Pediatricians typically rely on a developmental milestone checklist in evaluating a child’s development in various domains; however, recent research reveals that there is great variability between the many available checklists, both in content and milestone age ranges.84 Furthermore, although receptive and expressive language is accounted for in these checklists, a comprehensive inventory of key early literacy measures that are crucial for assessing dyslexia risk is not included.
Early warning signs of dyslexia are visible before school entry63,65 ; thus, the pediatrician may be a child’s first health or educational professional capable of identifying these signs and implementing a management plan. For example, pediatricians can document the extent to which a child can recognize rhyming sounds, repeat nonsense words, or report the sound that a letter makes. It is important to note that phonological deficits can present differently in different children, and children with dyslexia will vary in the specific tasks with which they show difficulty. Thus, screenings are used to pinpoint particular early literacy skills that may require remedial attention and also identify children who may eventually require a more detailed evaluation to come to a definitive diagnosis of dyslexia.
A More Proactive Approach: Screening and Advocacy
There are many methods by which pediatricians can work toward systematic early screening of dyslexia in their practices. Pediatricians should elicit a family history of dyslexia, recognize assessments done by schools that indicate a risk and/or diagnosis, and include dyslexia in the differential diagnosis for low self-esteem, depression, anxiety, or disruptive behaviors. The governing bodies of associations of pediatricians should provide training on dyslexia assessments and interventions as a part of ongoing continuing education so that pediatricians can become adept at implementing screening processes and at interpreting, monitoring, and responding efficiently to evaluations and interventions performed outside the clinic. The appropriate referral to outside consultants and interventionists should also be involved in this training when needed. Given the high overlap between dyslexia and deficits in speech and language, physicians should consider referring children who are at risk for dyslexia to an SLP who is trained in early literacy.21 Furthermore, pediatric associations can partner with dyslexia researchers and education specialists to create educational resources and trainings that can assist pediatricians in providing education and support to their patients and families with or at risk for dyslexia.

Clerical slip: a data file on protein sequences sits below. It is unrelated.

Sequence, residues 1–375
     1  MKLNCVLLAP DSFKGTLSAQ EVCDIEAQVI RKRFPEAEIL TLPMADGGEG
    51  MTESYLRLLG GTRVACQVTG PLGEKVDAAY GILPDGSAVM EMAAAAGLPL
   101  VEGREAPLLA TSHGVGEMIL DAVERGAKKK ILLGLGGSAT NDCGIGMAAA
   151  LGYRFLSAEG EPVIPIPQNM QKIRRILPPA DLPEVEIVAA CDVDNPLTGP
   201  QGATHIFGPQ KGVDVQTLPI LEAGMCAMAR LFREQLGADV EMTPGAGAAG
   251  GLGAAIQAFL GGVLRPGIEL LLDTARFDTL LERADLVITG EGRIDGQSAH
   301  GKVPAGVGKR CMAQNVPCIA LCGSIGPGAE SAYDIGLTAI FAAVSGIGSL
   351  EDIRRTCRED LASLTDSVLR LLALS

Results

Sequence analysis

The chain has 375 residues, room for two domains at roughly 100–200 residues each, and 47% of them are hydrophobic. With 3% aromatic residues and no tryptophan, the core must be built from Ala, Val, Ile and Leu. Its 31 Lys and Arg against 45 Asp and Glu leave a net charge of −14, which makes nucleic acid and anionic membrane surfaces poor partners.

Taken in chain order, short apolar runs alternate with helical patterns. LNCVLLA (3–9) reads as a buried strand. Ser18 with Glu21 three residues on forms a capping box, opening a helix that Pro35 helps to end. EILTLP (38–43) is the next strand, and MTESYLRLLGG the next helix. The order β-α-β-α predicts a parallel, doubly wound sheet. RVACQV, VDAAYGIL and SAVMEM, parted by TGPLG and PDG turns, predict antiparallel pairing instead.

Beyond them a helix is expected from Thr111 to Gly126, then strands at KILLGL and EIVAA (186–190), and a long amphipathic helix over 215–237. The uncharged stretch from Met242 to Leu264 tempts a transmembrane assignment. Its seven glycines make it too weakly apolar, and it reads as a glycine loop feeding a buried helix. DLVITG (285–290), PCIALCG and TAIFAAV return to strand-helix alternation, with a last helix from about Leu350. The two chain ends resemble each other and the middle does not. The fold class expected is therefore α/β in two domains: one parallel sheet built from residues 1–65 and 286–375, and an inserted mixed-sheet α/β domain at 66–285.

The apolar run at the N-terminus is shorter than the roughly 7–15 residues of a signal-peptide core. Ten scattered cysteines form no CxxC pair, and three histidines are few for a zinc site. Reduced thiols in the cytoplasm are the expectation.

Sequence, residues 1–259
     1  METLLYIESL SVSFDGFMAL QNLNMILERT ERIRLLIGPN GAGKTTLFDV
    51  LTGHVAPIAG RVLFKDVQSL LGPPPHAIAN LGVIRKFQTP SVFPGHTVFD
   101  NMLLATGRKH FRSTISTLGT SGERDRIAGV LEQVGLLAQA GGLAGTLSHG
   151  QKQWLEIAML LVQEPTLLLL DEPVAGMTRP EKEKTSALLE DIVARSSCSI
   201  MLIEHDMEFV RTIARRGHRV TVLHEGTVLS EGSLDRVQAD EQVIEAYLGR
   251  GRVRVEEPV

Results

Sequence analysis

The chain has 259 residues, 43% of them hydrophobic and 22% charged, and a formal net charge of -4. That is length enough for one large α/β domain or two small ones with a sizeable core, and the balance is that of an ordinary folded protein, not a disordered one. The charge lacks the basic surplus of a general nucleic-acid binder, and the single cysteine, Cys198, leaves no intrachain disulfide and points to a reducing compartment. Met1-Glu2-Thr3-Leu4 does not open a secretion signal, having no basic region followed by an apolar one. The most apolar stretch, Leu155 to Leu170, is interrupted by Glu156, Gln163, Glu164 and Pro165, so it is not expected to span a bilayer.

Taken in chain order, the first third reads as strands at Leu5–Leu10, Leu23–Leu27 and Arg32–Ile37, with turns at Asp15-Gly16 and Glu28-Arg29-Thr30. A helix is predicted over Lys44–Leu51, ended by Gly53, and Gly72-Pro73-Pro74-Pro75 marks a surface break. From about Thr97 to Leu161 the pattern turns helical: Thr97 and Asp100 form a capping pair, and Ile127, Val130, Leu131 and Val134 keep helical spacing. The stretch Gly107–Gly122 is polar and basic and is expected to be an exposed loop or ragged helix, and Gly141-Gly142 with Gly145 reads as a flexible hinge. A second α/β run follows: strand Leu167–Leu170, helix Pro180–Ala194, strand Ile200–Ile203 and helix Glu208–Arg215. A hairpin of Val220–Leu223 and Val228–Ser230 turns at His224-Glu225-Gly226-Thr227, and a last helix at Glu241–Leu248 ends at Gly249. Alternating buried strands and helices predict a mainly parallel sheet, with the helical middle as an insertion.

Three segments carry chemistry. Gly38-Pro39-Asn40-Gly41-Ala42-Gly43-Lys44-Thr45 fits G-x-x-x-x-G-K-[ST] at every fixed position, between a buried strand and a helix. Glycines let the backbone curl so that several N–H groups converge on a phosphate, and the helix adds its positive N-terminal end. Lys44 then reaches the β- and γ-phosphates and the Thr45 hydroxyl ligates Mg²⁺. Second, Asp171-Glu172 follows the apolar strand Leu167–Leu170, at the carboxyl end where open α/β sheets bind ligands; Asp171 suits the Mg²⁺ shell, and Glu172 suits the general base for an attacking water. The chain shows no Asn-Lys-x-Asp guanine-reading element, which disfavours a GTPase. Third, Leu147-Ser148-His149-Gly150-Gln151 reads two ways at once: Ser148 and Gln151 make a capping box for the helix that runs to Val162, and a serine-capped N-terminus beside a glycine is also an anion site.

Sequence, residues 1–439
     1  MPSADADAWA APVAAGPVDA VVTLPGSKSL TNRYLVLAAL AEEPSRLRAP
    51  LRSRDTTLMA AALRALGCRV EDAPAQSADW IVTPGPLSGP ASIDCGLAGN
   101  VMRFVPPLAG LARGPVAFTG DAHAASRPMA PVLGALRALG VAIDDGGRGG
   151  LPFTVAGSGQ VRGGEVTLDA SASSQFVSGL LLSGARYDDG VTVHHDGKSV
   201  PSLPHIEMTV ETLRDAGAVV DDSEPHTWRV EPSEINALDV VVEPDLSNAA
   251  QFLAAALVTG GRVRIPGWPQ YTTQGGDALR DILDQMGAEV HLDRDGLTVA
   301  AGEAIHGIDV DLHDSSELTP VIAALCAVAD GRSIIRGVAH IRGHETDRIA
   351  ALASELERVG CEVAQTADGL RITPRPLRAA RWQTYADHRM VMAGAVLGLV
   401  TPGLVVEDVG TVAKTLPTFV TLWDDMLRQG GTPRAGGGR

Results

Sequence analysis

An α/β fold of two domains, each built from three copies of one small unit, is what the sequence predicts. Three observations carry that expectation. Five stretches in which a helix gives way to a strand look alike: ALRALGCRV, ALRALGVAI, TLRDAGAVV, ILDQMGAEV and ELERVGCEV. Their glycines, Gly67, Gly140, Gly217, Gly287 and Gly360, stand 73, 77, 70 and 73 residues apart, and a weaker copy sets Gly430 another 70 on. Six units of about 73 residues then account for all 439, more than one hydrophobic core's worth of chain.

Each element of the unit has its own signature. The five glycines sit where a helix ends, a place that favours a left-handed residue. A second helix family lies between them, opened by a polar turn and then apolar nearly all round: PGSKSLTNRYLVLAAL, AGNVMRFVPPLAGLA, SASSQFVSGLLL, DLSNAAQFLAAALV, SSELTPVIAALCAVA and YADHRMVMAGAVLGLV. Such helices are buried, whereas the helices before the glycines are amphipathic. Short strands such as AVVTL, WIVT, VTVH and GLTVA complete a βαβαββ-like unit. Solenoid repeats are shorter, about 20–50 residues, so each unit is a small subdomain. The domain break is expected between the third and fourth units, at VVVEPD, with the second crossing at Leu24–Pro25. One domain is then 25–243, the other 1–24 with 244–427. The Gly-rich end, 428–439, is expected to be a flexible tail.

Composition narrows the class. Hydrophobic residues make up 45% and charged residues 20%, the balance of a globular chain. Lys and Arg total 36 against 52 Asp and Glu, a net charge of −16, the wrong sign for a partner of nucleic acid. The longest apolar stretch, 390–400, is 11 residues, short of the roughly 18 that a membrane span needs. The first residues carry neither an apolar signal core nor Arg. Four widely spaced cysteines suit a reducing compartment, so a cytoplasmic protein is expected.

Checklists, questionnaires, and interviews can be completed in conjunction with a child’s parent to assess a child’s key risk factors. Although these methods provide a quick account of a child’s risk, they are often tools that are not scientifically validated or reliable85 and are thus intended for a preliminary formative assessment only. Commonly used questionnaires like the Ages & Stages Questionnaires, for example, can be helpful as a starting point but do not provide a detailed assessment. Rigorously validated screeners composed of child-centered behavioral assessments (see ref 86 for a nonexhaustive evaluation of screening tools) are used to provide a reliable and unbiased testament of a child’s risk status.
Pediatric clinics could consider hosting “screening days” with a literacy focus that can aim to simultaneously screen for early predictors of dyslexia while also facilitating a literacy-rich environment by making literacy materials available to families. Many pediatricians have already made great strides in promoting literacy within their clinics. The Reach Out and Read program has been effective in facilitating language and preliteracy skills in children through the distribution of books through primary care clinics.87 A similar program with an additional screening component could be even more beneficial in supporting emerging literacy while also identifying children at risk for dyslexia.